How to Find Wild Parrots in Chicago


You wouldn't think that wild parrots could survive Chicago's freezing winters but the Quaker parrots (also called monk parakeets) in Chicago's Hyde Park neighborhood are a thriving community and have lived there since the early 1980s. They are easy to see any time of year.

How to Find Wild Parrots in Chicago

Take the 55th Street/East Garfield Boulevard exit off of I90-94 (the Dan Ryan Expressway) east towards the University of Chicago. From Lakeshore Drive, take the 55th Street exit west. You are looking for Nichols Park, which is between 54th and 655th streets just east of Woodlawn Avenue and the University of Chicago campus.

Park anywhere you can. The closer you are to the University of Chicago campus the harder it is to find parking but there is ample parking along 55th Street. It is a pleasant, safe neighborhood with a mix of funky shops and old residences.

Walk through the park and look up in the trees. Quaker parrots are light green with pale green or yellow underbellies and 8-11" long. They have pale gray heads and orange beaks and are pretty hard to miss. In some trees and atop an old apartment building in the north west corner of the park, you can see their large bulky nests built of twigs woven together. The parrot colonies stay warm by flocking together during the long winters in these nests. Native to the hot tropical climate of South America, these highly intelligent little parrots have adapted to the urban environment and cold Midwestern winters by building communities.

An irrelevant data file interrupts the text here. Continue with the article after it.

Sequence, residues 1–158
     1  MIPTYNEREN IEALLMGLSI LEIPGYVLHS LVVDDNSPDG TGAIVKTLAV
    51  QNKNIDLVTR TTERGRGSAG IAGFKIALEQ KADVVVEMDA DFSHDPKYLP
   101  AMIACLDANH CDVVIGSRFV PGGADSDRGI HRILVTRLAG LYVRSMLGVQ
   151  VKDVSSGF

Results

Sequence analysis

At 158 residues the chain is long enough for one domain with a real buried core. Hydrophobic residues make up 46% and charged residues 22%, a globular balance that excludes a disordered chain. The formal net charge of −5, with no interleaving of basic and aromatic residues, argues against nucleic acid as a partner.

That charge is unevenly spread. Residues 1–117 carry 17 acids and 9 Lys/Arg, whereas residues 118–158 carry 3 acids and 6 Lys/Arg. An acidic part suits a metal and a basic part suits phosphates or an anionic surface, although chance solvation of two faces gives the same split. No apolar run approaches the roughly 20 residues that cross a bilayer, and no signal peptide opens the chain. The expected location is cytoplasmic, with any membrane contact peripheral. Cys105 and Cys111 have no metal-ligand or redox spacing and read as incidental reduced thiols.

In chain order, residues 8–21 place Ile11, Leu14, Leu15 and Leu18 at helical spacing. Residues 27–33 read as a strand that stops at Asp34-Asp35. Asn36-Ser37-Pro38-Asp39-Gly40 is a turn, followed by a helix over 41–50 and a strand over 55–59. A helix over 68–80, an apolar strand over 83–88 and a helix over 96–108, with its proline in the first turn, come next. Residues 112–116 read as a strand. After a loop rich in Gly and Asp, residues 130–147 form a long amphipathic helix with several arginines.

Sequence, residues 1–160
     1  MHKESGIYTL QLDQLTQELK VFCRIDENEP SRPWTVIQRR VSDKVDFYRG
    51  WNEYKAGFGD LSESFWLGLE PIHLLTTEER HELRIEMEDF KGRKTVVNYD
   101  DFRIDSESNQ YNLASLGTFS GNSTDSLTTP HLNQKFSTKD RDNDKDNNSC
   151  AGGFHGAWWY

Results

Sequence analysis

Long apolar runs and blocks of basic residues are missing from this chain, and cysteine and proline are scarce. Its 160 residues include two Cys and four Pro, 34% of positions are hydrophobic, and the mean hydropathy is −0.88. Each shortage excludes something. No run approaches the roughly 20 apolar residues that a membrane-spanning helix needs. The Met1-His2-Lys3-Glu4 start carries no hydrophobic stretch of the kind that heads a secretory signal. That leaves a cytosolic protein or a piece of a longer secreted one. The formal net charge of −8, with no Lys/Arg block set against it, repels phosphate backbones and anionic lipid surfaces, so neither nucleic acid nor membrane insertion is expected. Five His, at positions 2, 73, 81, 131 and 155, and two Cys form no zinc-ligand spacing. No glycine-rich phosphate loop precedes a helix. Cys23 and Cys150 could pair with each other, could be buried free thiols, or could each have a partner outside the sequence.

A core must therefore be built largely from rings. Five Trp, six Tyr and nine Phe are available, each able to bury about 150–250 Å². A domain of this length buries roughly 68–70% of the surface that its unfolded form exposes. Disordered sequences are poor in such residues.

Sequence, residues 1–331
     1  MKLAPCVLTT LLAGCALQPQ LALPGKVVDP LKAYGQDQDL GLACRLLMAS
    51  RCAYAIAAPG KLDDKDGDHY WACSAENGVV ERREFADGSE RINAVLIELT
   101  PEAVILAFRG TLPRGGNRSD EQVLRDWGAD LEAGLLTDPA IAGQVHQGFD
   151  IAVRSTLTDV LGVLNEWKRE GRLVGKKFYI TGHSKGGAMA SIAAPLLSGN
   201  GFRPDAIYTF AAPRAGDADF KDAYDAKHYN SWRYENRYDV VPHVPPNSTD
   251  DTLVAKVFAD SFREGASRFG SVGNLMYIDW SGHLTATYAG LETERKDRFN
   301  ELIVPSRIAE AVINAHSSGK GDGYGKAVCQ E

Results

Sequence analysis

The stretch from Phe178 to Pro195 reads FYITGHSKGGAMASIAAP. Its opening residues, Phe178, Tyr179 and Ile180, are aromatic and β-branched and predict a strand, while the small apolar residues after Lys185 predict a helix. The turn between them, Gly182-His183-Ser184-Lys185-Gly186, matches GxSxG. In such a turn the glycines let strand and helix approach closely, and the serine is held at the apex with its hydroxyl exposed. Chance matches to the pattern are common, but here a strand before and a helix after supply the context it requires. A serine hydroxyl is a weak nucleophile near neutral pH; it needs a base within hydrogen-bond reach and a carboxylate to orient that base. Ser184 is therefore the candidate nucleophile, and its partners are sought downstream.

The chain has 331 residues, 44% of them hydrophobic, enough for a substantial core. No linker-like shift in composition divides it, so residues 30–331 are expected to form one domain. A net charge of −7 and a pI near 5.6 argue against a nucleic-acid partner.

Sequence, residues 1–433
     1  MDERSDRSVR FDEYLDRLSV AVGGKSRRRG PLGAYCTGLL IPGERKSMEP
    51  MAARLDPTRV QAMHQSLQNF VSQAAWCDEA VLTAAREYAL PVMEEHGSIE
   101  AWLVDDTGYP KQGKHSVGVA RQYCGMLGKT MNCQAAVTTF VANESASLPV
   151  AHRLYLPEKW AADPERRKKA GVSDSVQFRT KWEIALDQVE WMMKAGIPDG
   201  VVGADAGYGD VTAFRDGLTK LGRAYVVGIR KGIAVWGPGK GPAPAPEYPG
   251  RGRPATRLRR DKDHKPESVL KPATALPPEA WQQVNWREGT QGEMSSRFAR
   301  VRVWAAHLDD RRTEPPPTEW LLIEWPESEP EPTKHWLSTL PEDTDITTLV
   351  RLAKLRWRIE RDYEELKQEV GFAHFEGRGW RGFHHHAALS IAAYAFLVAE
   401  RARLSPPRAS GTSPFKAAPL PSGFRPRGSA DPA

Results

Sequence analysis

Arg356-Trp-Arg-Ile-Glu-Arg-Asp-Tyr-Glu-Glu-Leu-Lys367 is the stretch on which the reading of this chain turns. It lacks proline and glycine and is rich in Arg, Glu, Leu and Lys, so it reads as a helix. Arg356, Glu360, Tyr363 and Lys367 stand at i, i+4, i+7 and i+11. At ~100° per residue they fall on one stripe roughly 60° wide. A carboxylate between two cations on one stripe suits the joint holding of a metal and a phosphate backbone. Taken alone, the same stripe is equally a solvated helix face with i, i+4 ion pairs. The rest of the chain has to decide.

Scatter some bird seed if you are in Nichols Park during the cold months. The parrots survive the winter by eating from bird feeders and seed put out by people living in the neighborhood.

Bring your camera and take plenty of photos because many people won't believe that there is a large feral parrot population thriving in downtown Chicago!

Tips & Warnings

  • Quaker parrots have established colonies in several other US cities, including Brooklyn NY, although Chicago is the coldest climate they are known to survive in.
  • Quaker parrots are extremely intelligent and when kept in captivity can live to about thirty years old and learn scores of words.
  • It is illegal to own Quaker parrots in several states in the USA because they are so hardy and can become an invasive species when feral colonies get established, especially in farmland.

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